That is why we have made a list of eleven tips that first time buyer should be aware of prior to applying for a mortgage, because if you only find out about them after you make your application (and in particular if it results in a credit decline) then it could set you back months at least if not years.

1. Be in a permanent job finished probation and ideally working continuously for 2 years: This is a good rule of thumb, an ability to repay is the key consideration with lenders, and the way they determine this by seeing an income history that has a likelihood of continuing. A loan is only underwritten once, at origination, so the lender knows that taking a chance early on means taking a …

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Bank cost of funds versus mortgage prices

Eurodollar or LIBOR cost of funds is a common phrase in banking, what does it mean or do though?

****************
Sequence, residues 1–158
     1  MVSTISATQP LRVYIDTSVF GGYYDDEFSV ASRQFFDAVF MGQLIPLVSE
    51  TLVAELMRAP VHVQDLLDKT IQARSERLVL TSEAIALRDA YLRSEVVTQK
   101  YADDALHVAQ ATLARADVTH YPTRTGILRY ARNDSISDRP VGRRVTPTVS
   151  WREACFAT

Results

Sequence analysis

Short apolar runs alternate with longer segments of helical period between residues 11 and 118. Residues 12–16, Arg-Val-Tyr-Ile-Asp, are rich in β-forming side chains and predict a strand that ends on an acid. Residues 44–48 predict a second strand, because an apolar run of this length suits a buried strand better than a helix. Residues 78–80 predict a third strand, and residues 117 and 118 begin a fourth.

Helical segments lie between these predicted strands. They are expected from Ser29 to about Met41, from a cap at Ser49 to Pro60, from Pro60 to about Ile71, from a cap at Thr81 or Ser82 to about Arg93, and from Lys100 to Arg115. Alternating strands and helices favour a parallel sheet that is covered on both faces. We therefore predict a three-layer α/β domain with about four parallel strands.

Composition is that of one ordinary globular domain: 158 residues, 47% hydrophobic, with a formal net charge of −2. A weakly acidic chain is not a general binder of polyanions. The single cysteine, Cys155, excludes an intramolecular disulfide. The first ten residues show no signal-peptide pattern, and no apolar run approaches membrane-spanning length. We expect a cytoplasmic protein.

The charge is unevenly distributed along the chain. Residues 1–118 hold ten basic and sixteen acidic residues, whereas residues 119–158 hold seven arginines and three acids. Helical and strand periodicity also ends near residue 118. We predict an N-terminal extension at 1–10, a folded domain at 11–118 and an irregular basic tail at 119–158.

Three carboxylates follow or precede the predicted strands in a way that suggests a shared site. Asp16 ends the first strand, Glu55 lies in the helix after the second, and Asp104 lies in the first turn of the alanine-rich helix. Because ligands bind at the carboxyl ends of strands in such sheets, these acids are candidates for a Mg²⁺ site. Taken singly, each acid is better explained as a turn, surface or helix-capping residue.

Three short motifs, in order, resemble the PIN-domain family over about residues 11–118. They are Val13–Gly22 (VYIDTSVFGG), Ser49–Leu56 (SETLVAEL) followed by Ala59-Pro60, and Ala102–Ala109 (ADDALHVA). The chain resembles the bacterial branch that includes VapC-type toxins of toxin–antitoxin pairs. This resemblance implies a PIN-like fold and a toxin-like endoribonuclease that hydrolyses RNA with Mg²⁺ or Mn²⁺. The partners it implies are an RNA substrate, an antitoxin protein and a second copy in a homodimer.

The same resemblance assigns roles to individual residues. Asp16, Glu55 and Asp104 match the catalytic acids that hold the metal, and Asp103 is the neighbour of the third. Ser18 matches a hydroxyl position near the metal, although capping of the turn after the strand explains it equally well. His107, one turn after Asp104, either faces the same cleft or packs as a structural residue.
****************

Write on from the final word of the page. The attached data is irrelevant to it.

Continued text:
Banks borrow short term and lend out long term, they call it ‘maturity transformation’ and in doing so they aim to make a mark up on the money, it’s the same concept that a shop uses in selling cartons of milk, fundamentally the idea is the same.

The LIBOR rate is ‘London interbank offer rate’ and represents the cost of funds for a high quality non-governmental institutional borrower.

To get an idea of the cost of funds (and this is currently speculative because Irish banks don’t get offered funds at Euribor [euro equivalent of Libor]) all you have to do is a simple calculation.